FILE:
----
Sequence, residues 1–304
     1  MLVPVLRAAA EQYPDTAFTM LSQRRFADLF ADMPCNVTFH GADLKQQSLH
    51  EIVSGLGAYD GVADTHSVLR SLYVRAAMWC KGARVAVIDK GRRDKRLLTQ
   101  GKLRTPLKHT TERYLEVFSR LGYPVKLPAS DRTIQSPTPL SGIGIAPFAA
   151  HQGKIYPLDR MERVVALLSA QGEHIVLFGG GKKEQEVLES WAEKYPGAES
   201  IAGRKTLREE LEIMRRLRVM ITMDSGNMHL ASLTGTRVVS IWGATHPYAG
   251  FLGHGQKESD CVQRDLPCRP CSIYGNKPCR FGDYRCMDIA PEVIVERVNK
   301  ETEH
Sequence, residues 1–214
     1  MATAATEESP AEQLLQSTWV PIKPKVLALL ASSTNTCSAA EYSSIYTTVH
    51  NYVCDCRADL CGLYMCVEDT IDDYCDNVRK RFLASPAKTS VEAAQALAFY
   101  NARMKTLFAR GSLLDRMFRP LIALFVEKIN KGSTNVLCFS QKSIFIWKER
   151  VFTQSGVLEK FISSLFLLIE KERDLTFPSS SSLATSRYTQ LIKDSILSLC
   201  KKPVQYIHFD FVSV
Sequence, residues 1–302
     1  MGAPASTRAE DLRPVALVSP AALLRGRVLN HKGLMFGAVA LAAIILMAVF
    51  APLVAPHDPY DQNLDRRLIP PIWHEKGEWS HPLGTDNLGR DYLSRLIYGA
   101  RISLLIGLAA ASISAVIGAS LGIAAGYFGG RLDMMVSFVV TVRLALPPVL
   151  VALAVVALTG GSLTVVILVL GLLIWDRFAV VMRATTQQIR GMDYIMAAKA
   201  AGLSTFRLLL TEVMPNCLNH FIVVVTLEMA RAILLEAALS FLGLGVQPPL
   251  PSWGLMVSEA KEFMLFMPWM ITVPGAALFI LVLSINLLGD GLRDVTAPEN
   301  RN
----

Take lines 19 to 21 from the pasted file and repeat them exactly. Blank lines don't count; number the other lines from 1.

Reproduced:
   151  VALAVVALTG GSLTVVILVL GLLIWDRFAV VMRATTQQIR GMDYIMAAKA
   201  AGLSTFRLLL TEVMPNCLNH FIVVVTLEMA RAILLEAALS FLGLGVQPPL
   251  PSWGLMVSEA KEFMLFMPWM ITVPGAALFI LVLSINLLGD GLRDVTAPEN